Friday, August 29, 2008

The US economy since 2000 from the perspective of working families

Brad DeLong offers us a foretaste of some figures from the Economic Policy Institute's upcoming "State of Working America" report. Other estimates will differ in detail, but the basic patterns accord with pretty much all serious analyses. The overall economy has been growing (though not nearly as much as during the Clinton years, perhaps coincidentally), but the benefits have not been widely spread around.





Since 2000, overall national output (GDP) has gone up 18%, productivity has gone up 19%, median weekly earnings of full-time workers have gone up .2%, and median income has gone down 1%. (Meanwhile, as we know, the cost of gasoline has been going up, many families have seen their home equity evaporating, and more and more of them are going deeper into debt--not to mention a pervasive increase in economic insecurity even for people who are doing OK.)

So what is everyone whining about?

=> What happened to median household income since 2000? Here's a graphic summary by Paul Krugman:




















=> Of course, median income is a summary measure which doesn't tell us how that overall national income is distributed. So who has actually been getting the payoff from economic growth? Back in March, Lane Kenworthy summed up the longer-term picture this way:
The chart shows average inflation-adjusted incomes of the poorest 20%, middle 60%, and top 1% of households since the 1970s. The incomes include government transfers and subtract taxes. For the bulk of American households, incomes have increased moderately or minimally. For those at the top, by contrast, they have soared. [pdf version is available here]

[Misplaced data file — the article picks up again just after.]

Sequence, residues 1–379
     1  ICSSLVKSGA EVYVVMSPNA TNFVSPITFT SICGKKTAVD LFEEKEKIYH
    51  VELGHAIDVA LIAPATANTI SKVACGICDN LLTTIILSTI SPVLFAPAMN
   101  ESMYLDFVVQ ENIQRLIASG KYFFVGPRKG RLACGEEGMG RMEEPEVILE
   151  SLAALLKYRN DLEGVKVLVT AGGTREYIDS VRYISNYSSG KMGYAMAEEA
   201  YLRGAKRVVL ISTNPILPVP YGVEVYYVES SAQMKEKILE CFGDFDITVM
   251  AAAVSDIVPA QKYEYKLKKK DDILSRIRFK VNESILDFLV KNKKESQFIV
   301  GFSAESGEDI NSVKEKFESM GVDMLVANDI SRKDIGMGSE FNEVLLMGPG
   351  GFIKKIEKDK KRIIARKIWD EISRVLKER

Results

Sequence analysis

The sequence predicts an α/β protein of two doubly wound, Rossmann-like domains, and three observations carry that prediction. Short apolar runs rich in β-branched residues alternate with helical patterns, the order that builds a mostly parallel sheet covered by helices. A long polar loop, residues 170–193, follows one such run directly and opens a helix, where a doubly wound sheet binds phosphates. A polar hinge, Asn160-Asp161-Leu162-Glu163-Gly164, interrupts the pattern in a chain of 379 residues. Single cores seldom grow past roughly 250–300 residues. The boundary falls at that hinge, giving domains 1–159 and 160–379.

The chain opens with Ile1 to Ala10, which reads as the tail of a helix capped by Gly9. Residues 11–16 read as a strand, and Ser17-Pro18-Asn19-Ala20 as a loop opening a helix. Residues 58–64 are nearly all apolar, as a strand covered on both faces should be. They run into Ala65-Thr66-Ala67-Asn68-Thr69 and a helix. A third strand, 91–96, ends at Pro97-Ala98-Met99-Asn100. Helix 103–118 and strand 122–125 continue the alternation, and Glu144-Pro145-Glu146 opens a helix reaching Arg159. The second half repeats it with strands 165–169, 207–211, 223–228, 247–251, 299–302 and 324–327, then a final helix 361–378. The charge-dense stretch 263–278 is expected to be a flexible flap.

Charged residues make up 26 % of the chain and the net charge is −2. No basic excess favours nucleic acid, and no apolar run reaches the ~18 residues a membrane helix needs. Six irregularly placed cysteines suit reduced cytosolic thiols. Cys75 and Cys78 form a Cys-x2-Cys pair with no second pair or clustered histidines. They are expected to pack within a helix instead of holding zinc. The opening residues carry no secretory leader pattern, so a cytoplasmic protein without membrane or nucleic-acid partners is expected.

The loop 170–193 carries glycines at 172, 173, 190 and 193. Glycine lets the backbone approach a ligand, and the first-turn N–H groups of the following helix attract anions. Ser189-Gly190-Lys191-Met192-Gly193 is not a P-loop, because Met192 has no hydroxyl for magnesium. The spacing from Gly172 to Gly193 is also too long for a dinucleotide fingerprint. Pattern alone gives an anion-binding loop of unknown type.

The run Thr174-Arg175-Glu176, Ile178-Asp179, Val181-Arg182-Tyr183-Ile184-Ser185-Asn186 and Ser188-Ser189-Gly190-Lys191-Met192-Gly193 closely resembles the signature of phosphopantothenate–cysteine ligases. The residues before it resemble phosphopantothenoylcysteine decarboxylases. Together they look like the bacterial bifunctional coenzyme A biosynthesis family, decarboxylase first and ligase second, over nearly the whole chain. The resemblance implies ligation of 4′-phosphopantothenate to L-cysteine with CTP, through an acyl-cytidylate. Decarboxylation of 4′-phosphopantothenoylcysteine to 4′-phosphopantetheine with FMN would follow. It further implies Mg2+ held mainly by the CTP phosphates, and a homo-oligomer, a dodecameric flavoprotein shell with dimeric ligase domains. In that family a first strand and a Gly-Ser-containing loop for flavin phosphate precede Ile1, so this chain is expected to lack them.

The rest of the top 20% have also been doing well, of course--though the gains have been mostly concentrated in the top 10%, and ever more spectacularly as one gets to the top 5%, 1%, and .1%. But those people have been whining, too. (Just read the Wall Street Journal editorial page.)

=> A sober and serious discussion of why all this has been happening, and what should be done about it, ought to be high on the agenda of political discussion. Curiously, it's not.

--Jeff Weintraub

P.S.  Richard Sennett, in an e-mail communication, suggests a useful addendum:
Thanks for this. One thing you want to add to this, a complementary emphasis, is what has happened to work itself over the course of the last 8 years -- the focus of my books The Culture of the New Capitalism and The Corrosion of Character. Inequality is increasing, but so is unease about what people actually do when they go to work. To wit:

Changes in the organisation of modern work have weakened workers' experiences of autonomy and of procedural justice in the work-place; more, American workers are losing the "skills race," in Robert Reich's words, to equally or to more qualified workers in India, Brazil, Israel, and parts of Eastern Europe. Combined, these changes produce increased insecurity on the job. The Bush administration did not cause these changes, but it did weaken the government's willingness to address and redress them; it has done nothing to help reinvent work for American workers, or to provide rights to workers, or to invest in improving their skills. I was saddened to note that the platform of the Democratic Party also avoids engaging these issues; the crisis in the economy is treated simply as a question of finance capital.

If you do feel the issue of labor should be addressed, how could we get this discussion going in the public realm?
An excellent question.

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